Even memories of highly emotionally charged events – so-called “flashbulb” memories – are just as likely to suffer this distortion. Just like any other memory, subjects tend to forget true details or add embellishments over time. But what’s worrying is that, despite this error creep, people tend to put more confidence in their flashbulb memories and are more likely to believe they’re accurate, even when the record shows otherwise.

And finally, the most sensational example of how memory can fail us: In 1975, the Australian psychologist Donald Thomson was arrested and charged with rape, and was informed by police that the victim had positively identified him as her attacker. This was a great surprise to Thomson, because he had a seemingly invulnerable alibi: he was on live TV at the time, being interviewed in the presence of a studio audience, cameramen, and an assistant police commissioner. As it turned out, the woman who was raped had been watching that very program just before the attack. She had mixed up Thomson’s face on the TV screen with the face of her attacker. Ironically, Thomson had been on TV to discuss the unreliability of eyewitness testimony. (source; see also)

The human tendency to confabulate details and misattribute sources means that memory, especially in the long term, cannot be counted on as a reliable source of information. This doesn’t mean that eyewitness accounts should be excluded from trials and other decision-making altogether, but they should be considered with greater attention to their fallibility. When we question witnesses about the details of an event, we must avoid leading questions that could implant details into their minds. When victims of crime are asked to pick their assailants out of a lineup, those lineups should be double-blind. And testimonies should be given greater weight when two or more witnesses independently agree on the same details or when they are supported by other evidence.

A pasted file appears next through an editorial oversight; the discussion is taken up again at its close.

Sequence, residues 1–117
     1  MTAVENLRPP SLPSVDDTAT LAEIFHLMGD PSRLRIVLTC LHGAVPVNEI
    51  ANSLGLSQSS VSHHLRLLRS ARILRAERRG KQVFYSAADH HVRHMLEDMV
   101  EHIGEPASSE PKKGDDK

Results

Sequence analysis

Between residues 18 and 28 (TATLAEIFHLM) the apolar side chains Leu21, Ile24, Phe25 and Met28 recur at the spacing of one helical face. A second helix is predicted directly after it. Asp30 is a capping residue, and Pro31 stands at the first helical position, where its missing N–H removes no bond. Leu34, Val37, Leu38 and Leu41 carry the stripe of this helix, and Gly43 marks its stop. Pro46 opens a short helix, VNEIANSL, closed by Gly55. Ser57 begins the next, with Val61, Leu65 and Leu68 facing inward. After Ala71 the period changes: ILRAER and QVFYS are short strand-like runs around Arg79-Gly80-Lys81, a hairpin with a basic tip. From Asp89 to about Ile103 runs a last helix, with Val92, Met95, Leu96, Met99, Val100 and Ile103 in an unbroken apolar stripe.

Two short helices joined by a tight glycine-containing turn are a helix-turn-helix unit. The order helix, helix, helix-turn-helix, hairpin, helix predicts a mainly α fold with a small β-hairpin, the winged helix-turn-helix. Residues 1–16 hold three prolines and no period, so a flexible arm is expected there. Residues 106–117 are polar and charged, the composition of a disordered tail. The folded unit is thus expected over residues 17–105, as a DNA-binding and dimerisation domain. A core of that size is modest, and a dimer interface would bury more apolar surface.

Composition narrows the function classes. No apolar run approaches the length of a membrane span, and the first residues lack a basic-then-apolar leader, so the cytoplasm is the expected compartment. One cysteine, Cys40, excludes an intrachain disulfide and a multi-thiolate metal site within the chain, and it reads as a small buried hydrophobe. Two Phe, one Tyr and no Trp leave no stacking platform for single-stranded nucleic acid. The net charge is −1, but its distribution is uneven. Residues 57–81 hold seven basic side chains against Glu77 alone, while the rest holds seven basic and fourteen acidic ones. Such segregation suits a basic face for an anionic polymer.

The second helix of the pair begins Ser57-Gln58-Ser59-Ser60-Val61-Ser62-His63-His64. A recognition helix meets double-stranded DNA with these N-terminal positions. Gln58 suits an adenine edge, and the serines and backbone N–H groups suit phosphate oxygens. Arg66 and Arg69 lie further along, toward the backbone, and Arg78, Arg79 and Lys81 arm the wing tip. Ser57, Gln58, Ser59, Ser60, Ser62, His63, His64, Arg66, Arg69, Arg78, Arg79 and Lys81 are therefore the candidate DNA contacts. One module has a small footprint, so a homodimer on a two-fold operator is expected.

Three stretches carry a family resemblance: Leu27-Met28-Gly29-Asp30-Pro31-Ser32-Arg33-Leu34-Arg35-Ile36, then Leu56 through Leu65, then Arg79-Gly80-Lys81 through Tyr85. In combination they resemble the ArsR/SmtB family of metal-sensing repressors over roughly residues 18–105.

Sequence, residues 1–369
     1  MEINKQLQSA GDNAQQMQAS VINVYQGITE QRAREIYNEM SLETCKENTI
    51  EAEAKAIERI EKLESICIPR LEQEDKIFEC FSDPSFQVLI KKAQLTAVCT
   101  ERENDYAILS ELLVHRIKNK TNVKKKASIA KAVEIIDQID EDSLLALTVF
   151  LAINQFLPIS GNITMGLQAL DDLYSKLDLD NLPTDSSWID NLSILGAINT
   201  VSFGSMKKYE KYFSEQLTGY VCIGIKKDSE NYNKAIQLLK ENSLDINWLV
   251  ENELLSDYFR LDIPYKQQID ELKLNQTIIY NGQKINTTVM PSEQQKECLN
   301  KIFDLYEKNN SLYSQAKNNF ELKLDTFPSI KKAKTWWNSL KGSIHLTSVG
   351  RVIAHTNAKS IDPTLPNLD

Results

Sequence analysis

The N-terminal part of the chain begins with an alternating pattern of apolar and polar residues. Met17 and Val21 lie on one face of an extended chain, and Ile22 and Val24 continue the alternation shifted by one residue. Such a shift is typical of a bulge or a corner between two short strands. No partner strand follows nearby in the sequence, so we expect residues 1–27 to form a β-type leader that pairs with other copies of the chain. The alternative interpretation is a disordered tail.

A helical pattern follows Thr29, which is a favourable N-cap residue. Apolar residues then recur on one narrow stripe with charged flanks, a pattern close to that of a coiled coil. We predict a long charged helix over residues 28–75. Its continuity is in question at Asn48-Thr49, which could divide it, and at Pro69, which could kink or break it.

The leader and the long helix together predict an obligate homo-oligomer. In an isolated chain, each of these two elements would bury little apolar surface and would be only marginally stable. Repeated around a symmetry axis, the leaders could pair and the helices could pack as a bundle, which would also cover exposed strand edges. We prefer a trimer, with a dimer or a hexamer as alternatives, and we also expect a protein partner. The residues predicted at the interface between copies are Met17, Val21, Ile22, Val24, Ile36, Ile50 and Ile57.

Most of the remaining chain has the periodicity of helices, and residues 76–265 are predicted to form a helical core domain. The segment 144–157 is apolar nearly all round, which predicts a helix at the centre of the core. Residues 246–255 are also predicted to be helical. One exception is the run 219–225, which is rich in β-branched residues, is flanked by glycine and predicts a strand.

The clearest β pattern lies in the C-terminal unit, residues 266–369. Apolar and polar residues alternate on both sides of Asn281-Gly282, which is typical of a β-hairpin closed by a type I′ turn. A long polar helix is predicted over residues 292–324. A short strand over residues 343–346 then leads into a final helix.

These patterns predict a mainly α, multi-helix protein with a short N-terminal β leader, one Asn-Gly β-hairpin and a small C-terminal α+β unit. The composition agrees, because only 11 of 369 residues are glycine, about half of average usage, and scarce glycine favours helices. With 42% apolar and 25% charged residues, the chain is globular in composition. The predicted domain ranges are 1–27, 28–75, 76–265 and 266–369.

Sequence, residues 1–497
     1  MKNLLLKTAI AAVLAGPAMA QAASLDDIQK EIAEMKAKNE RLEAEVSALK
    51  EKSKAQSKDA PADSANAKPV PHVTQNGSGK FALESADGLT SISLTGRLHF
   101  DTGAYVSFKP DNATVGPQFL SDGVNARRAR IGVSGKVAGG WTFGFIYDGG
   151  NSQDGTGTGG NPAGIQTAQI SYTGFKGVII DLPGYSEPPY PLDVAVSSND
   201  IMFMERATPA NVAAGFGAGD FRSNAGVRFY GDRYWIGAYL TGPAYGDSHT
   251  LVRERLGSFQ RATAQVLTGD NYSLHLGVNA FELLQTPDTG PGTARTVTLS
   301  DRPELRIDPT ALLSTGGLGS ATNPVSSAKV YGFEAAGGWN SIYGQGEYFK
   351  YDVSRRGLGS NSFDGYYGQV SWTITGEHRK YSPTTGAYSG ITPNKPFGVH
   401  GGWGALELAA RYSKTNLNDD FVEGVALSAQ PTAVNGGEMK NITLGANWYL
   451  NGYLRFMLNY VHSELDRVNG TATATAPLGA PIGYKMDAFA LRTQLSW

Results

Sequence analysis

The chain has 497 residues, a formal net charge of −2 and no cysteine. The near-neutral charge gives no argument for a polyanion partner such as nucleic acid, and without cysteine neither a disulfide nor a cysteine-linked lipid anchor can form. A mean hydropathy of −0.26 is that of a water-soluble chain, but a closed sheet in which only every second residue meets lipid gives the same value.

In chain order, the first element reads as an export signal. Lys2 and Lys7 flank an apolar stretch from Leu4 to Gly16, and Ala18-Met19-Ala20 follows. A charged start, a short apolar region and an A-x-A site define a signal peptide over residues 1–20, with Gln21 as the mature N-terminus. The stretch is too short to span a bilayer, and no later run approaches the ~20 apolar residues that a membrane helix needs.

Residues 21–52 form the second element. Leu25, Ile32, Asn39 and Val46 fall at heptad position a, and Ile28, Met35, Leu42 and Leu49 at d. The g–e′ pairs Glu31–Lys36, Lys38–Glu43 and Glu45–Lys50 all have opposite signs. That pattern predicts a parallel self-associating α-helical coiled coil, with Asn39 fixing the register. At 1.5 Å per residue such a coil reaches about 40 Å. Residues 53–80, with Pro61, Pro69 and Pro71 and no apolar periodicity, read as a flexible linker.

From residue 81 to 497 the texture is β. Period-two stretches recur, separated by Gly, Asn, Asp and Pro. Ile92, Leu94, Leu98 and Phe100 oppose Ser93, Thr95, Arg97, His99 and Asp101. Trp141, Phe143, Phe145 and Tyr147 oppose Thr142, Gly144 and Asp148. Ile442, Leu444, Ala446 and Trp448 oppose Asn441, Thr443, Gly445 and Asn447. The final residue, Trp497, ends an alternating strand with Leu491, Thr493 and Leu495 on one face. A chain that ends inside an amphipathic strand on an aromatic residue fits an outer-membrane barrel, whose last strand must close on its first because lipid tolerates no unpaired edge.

Other posts in this series:

Why Atheism Is a Force for Good
Atlas Shrugged: The Rapture of the Capitalists
Anti-Vaccination Fever Rages On
Repost: The Age of Wonder
About Adam Lee

Adam Lee is an atheist writer and speaker living in New York City. His new novel, City of Light, is available in paperback and e-book. Read his full bio, or follow him on Twitter.

  • Leum

    Good post, I have two comments:

    How do you propose to have police lineups be double-blind?

    I recall reading somewhere (or hearing on NPR) that not only is memory fallible, but that since each time we remember we reconstruct, the more often we recall something, the more likely it is to be distorted. So things you remember just once are actually more accurate than those moments you relive constantly (which, reassuringly, means some of my most embarrassing moments may not have been half as bad as I now consider them).

  • John A. Michon